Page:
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Netflix's The Two Popes Review

"I was making a little joke. A German joke: it doesn't have to be funny."

by Casimir Harlow

Netflix's The Two Popes Review

A simple dialogue between two disparate Popes provides an electric stage for theological discussions as the Catholic Church is caught up in some of its most controversial moments of the 21st Century.

Set against a backdrop of some of the most horrific revelations about the inner workings of the highest echelons of the Catholic Church, The Two Popes affords an intriguing clash of personalities, attitudes and beliefs. It's a potential minefield of controversy, but Fernando Meirelles' docudrama study navigates the treacherous waters superbly, eliciting just the right level of open dialogue without openly critiquing either side of the coin. 

 An intriguing class of personalities

After revered and much-beloved 27-years-in-situ Pope John Paul II passes, a new Pope must be elected, seeing the more traditional and conservative Joseph Ratzinger elected to be Pope Benedict XVI, attempting to return to more fundamentalist values associated with the Church, but facing some troubling times as the sexual abuse allegations within the Church continue to mount. Initially clashing with Cardinal Bergoglio - an underdog contender who won a surprising number of votes during Ratzinger's election - when he hears of the Cardinal's resignation, he calls for the man and the two undertake a dialogue which initially merely highlights their very different approaches with regard to the faith, but eventually affords some clarity to both of their paths in life.

Netflix

Perfectly cast, The Two Popes is a masterclass in acting, seeing Anthony Hopkins and Jonathan Pryce on fabulous form as the two clashing theologists, with Hopkins ideal for the choice of the more traditionalist old timer, and Pryce - who actually even looks a whole lot like Bergoglio - superb as the more maverick underdog.

Whilst the film largely consists of vast swathes of theological discussions between the two, the script is pleasantly grounded in both anecdotal nuance - Ratzinger's recording an album at 'the Abbey' (Abbey Road), but then utter dismissal of Yellow Submarine, and just about anything else he'd never heard of, as 'silly' - and also suitably strong in tackling the underlying issues of the time (although, whilst they nod to the clash over approach with regard to sexual offenders, the portrayal is slightly inaccurate - it was actually Ratzinger who was the maverick in real life, clashing with prior pope John Paul II in his attempt to more appropriately deal with the offenders).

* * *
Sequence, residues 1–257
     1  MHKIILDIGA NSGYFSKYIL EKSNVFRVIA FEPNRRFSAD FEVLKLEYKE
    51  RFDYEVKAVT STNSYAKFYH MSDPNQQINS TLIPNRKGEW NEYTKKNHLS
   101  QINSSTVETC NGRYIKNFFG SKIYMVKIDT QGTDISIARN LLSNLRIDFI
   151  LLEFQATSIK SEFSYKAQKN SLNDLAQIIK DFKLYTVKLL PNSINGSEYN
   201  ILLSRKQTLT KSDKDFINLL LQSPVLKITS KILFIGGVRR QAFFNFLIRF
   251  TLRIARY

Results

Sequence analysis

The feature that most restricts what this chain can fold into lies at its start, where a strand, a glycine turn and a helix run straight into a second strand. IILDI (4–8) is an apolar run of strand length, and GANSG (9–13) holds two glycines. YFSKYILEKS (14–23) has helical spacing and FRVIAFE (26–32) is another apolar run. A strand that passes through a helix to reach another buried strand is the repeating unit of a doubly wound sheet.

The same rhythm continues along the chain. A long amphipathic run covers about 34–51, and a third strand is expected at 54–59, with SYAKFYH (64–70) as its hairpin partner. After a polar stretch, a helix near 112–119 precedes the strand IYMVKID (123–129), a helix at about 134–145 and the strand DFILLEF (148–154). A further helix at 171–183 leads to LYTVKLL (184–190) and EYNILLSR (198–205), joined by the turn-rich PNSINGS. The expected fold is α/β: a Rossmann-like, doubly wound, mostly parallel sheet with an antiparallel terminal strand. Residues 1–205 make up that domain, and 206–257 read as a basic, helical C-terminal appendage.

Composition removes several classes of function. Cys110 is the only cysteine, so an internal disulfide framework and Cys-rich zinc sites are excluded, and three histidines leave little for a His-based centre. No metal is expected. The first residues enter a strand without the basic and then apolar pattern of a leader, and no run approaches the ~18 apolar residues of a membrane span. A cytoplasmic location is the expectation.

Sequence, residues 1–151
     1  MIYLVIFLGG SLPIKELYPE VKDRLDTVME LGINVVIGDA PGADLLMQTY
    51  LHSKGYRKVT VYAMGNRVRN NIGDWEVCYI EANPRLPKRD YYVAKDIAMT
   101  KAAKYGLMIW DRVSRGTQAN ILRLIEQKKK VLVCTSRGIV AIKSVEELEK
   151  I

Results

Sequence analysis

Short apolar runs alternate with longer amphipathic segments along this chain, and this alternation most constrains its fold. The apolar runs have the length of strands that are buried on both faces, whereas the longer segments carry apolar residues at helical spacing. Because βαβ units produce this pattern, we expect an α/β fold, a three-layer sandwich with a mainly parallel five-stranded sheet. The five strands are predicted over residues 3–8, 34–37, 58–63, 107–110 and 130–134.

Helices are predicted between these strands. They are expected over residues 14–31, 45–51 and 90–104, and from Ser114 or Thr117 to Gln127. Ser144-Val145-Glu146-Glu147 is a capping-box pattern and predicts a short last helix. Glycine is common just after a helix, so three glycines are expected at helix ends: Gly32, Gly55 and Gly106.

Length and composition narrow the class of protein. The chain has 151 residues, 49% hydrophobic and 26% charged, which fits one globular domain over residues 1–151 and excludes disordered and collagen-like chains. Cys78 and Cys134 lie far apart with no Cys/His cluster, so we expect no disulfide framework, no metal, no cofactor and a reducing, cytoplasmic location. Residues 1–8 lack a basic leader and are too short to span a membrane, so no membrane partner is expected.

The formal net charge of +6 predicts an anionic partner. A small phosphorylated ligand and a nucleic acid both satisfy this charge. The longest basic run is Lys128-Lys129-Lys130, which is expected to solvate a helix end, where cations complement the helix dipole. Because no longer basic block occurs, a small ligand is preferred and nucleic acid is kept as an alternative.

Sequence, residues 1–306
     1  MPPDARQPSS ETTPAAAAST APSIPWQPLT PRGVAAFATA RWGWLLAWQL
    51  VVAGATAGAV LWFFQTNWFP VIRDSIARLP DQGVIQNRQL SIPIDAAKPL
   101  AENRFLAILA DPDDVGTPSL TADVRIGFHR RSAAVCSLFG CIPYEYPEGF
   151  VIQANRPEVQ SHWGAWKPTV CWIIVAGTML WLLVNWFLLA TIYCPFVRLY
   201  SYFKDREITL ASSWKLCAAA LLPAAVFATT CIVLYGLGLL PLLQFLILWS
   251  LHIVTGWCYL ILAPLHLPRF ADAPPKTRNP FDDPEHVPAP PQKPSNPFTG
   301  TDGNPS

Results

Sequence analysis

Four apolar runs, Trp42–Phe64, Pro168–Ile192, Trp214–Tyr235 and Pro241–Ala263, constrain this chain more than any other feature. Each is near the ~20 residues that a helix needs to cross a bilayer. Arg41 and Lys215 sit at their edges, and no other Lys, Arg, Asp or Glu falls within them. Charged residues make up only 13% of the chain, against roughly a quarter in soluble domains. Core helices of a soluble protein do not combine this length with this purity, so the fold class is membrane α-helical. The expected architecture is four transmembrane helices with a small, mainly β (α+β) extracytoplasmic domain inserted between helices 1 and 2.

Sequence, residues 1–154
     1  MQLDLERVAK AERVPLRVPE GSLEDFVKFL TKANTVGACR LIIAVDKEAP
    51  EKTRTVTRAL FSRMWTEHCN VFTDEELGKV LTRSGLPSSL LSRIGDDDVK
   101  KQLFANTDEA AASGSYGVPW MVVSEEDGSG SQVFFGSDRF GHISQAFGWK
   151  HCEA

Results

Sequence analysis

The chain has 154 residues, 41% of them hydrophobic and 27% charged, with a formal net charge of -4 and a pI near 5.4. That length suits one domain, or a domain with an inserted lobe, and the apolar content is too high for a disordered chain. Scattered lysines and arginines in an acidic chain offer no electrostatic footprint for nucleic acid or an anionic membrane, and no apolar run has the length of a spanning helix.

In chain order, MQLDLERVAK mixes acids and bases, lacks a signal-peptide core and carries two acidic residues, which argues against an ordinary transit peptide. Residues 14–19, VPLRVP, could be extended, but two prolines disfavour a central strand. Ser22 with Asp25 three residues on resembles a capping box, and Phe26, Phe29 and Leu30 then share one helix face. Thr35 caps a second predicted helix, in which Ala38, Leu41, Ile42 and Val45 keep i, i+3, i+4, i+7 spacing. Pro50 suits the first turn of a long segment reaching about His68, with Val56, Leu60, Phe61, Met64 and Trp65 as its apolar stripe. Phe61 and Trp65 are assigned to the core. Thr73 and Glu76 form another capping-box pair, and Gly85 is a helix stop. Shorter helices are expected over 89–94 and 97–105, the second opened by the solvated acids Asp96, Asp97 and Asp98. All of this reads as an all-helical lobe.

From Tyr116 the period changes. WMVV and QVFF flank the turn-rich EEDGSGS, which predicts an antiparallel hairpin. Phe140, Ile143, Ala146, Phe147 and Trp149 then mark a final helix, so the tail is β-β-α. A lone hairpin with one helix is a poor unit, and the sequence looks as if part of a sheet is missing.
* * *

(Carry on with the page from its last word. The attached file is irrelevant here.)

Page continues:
What's wonderful is the depiction of two very different approaches towards religion - the traditionalist approach arguably very much needed in the upper echelons in the Catholic Church, and the modern approach which is arguably much more appropriate to the changing times we live in - and how simple conversations between two characters can highlight some valid reasoning in both camps.

  Fernando Meirelles' docudrama elicits just the right level of open dialogue without openly critiquing either side of the coin

It's an absolute joy to watch Hopkins get a decent latter-stage role, the 81 year old master actor still making the portrayal his own, coming up with some snappy and commanding lines, whilst Pryce enjoys an arguably atypical (particularly after his flip side extremist in Game of Thrones) character to play.

The two-hours-plus dialogue isn't without its flaws, pulling in a possibly entirely unnecessary flashback subplot which doesn't really give the piece any more weight or worth, and losing both direction and momentum as a result - it completely kills the pacing an hour in, making the second half a tougher slog - but it's still a fabulous showcase for Hopkins and Pryce and a worthy watch just for them, particularly commendable in dealing with such a potentially controversial subject matter (religion is a nightmare of a subject matter for movies - as Scorsese can attest to with his under-acknowledged masterpiece, The Last Temptation of Christ) and highlighting a momentous period in the Catholic Church's changing of the guard which many previously probably only knew the headlines for. 


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